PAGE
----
The global economy is currently in a stagflationary period. Three scenarios emerge for the next year:
- Surprisingly strong economic growth with inflation rates continuing to fall (disinflation). Central banks may even lower key interest rates.
- Low economic growth (disinflation) with only moderately falling inflation rates. Central bank policies remain restrictive.
- Global recession if inflation rates remain surprisingly high. Central banks raise key interest rates more than is currently priced into the markets.
The underlying factor is inflation. The challenge is thus to correctly assess the inflation trend. The problem is that inflation dynamics are not sufficiently well understood.
Weak economic environment
The economic environment is weak. High inflation rates are dampening purchasing power and restrictive monetary policies are dampening economic growth with a time lag, the financial environment is also becoming increasingly restrictive (higher cost of capital) and uncertainty about another liquidity crisis like the one in the UK is a major unknown.
In addition, GDP in Europe is likely to contract in the fourth quarter of 2022 and the first quarter of 2023 due to the energy price shock. However, the extent is less pronounced than originally feared, firstly because of government supports, and secondly because of the sharp drop in wholesale prices for natural gas. In China, economic activity is being impacted by the zero tolerance policy toward new infections and the slump in the real estate market.
Inflation decline in the USA
Last week, the release of consumer price inflation in the US for the month of October triggered a mini-boom in the markets. The overall inflation figure rose 0.4% month-on-month to 7.7% year-on-year. Market participants focused on core inflation (overall inflation excluding food and energy). This measure firstly rose by less on a monthly basis than in the months before (0.3% after 0.6% in September) and secondly was below the estimated increase (0.5%).
The positive sentiment triggered by the lower-than-estimated rise in inflation was reinforced by two other weak subcomponents. First, excluding rents, core inflation actually fell by 0.1% month-on-month. Second, goods prices excluding food and energy also fell (by 0.4% month-on-month).
Less restrictive interest rate policy
The October inflation increase was not weak, and a lower-than-expected inflation report does not yet represent a trend. The positive market reaction can be explained by three points. First, the falling core inflation rate has increased the likelihood that the US Federal Reserve will actually reduce the pace of interest rate hikes. After four consecutive hikes of 0.75% percentage point each, a 0.5 percentage point rate hike to 4.5% is priced in for December. Second, the inflation report has caused the estimate for the end point of rate hikes to slide downward. Last Wednesday, a key interest rate nearly 1.25 percentage points higher was still priced in. That estimate has shrunk to one percentage point. Third, the magnitude of key rate cuts priced in has increased (to 0.85 percentage point between December 2023 and December 2024) after reaching the 5% level in the spring of 2023.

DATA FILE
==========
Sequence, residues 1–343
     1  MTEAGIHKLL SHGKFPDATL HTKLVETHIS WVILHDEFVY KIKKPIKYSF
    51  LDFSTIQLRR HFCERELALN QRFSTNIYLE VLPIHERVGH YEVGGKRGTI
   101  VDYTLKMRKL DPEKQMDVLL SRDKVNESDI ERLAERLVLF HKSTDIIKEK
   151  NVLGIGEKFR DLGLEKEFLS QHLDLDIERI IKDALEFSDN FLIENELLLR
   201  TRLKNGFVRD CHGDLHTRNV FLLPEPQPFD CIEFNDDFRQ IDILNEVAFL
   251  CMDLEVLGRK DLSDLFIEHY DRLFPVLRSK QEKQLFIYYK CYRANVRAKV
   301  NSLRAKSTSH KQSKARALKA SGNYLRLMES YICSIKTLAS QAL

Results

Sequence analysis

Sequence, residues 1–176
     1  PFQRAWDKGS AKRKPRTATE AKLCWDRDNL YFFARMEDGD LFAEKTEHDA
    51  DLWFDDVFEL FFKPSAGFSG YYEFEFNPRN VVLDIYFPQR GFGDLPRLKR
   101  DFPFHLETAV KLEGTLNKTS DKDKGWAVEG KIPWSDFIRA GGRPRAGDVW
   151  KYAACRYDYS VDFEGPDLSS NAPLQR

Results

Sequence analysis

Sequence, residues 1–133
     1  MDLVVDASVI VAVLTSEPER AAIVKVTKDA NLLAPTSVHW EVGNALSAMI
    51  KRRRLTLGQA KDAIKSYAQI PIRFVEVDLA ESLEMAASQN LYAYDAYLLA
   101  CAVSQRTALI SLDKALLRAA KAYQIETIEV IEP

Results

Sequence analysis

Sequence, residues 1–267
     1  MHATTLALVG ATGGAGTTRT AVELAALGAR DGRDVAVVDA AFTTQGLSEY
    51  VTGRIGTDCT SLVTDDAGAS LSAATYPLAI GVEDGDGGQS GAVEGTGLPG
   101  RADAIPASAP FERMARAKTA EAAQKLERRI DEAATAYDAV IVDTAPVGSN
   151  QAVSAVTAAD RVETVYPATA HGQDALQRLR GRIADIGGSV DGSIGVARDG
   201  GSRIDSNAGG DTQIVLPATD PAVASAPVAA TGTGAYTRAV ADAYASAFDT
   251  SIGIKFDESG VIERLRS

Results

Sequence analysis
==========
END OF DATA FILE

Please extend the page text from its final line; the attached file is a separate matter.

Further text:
Uncertain inflation outlook
Pricing in a less restrictive interest rate policy is positive for bond and equity markets. First, because the discount rate for future cash flows (coupons, earnings) falls, thereby increasing the present value (estimated fair value of an asset class). Second, because it makes a recession less likely (favorable for profits).
However, the assessment of further inflation developments is highly uncertain. On the upside, indicators of underlying inflation have been falling for months. That from the New York Fed peaked inflation already last March at 4.9% (October value: 4.2%). There are also indications of at least a slight easing in wage growth. The Atlanta Fed’s indicator fell from 6.7% y/y in August to 6.4% in October). However, other inflation indicators that look at inflation persistence have remained high. The Atlanta Fed publishes a measure of sticky inflation. This remained high at 6.5% y/y in October.
Disappointments on the credit side
On the economy-negative side, two reports in particular stood out last week. First, in the US, the Federal Reserve Senior Officer Opinion Survey on bank lending conditions showed a further tightening. Interpretation: As long as Fed policy remains restrictive, recession risks (for the US) will remain elevated. Second, in China, total credit (Total Social Financing) increased less than expected in October (908 billion yuan vs. 1600 billion yuan). In addition, goods exports in China fell by about 2% month-on-month in October. In China, the only positive development was indications of an easing of the zero tolerance policy toward new infections.
The lower-than-expected rise in inflation in the US, the fall in natural gas prices in Europe and indications of an easing of zero-tolerance policy in China represent positive developments. However, Fed policy is only becoming less restrictive, GDP-in Europe will (probably) still contract, and in China the slump in the real estate market is a strong headwind. A favorable inflation report is not yet a trend. To bet on a sustained decline in inflation would be bold.
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Prognoses are no reliable indicator for future performance.